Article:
Street Culture: Why Lunch Is a Big Deal at Euclid Analytics

At six years old with about 40 employees, the company is currently in a growth phase, and will likely grow considerably in the next year. Euclid’s director of product, Alexander Reichert, says that the daily lunch hour has been a kind of string that ties the team together.

Street Culture: How RetailNext’s Growth Is Driven by Diversity

As the company has grown, according to CEO Alexei Agratchev, it has experienced two “productivity peaks,” where fewer people are doing a huge amount of work. Then new hires are brought on, and the productivity stays about the same for a few months as the growth potential is realized. This can be a frustrating cycle to manage.

Street Culture: Trans-Atlantic Travel Helps Unacast’s Team Build Trust

Every month, one half of the company’s employees travel to visit the other half of the employees — the engineering team is located in Oslo, Norway and the commercial team is in New York City — as a culture-building activity, giving employees a chance to connect while in the same time zone.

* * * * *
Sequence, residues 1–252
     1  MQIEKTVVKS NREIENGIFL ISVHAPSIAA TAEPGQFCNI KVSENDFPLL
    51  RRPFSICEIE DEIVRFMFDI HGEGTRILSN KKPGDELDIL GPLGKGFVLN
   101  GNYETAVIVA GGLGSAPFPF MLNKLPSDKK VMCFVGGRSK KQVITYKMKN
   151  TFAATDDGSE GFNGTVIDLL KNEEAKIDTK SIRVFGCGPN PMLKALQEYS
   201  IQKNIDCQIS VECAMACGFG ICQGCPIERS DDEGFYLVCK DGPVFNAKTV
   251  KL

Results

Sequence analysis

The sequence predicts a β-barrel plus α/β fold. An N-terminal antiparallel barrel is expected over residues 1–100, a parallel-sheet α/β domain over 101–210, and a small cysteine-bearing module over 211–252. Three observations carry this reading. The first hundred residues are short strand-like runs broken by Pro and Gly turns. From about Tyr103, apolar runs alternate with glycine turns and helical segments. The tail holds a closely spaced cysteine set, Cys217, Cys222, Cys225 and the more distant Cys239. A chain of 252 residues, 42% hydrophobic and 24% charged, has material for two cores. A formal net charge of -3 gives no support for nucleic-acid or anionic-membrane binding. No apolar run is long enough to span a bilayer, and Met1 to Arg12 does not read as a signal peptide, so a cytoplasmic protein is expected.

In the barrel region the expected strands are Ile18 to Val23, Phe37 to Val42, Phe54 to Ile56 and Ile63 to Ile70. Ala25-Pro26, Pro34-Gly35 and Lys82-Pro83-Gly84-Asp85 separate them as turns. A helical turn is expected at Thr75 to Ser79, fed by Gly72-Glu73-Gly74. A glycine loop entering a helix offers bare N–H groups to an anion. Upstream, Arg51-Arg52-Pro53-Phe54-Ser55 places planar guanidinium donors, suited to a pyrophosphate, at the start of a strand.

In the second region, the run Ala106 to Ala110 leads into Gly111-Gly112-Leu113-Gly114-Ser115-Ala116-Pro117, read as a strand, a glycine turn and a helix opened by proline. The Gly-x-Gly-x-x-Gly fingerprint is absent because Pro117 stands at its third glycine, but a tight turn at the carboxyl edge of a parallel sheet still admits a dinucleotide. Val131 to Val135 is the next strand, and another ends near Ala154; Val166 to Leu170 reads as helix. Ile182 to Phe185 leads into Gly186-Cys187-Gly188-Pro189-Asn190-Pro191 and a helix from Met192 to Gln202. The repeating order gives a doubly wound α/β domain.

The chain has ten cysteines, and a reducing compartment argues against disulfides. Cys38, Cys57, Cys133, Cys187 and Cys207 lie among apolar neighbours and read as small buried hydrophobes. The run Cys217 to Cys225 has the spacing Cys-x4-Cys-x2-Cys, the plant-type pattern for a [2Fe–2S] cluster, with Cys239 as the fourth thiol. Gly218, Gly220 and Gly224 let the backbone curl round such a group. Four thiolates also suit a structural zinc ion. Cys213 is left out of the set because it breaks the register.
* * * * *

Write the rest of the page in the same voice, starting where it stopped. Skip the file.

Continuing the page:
Street Culture: Rebuilt After Layoffs, Extole Keeps Culture at the Fore

“When you have a transition where there’s a new CEO and the company is basically in crisis, it seems like, ‘Oh, this is a perfect time for values,’” said Extole’s Matt Roche. “But it’s unbelievably hard to implement new core values when everyone’s afraid.”

Street Culture: Ampush Employees Driving Company Reinvention

Ampush employs about 125 people, COO Nick Shah said, and their level of satisfaction with their colleagues reflects the close relationship he has with his co-founders. In a recent company engagement survey, results showed that 98% of employees who responded really enjoyed working with their colleagues.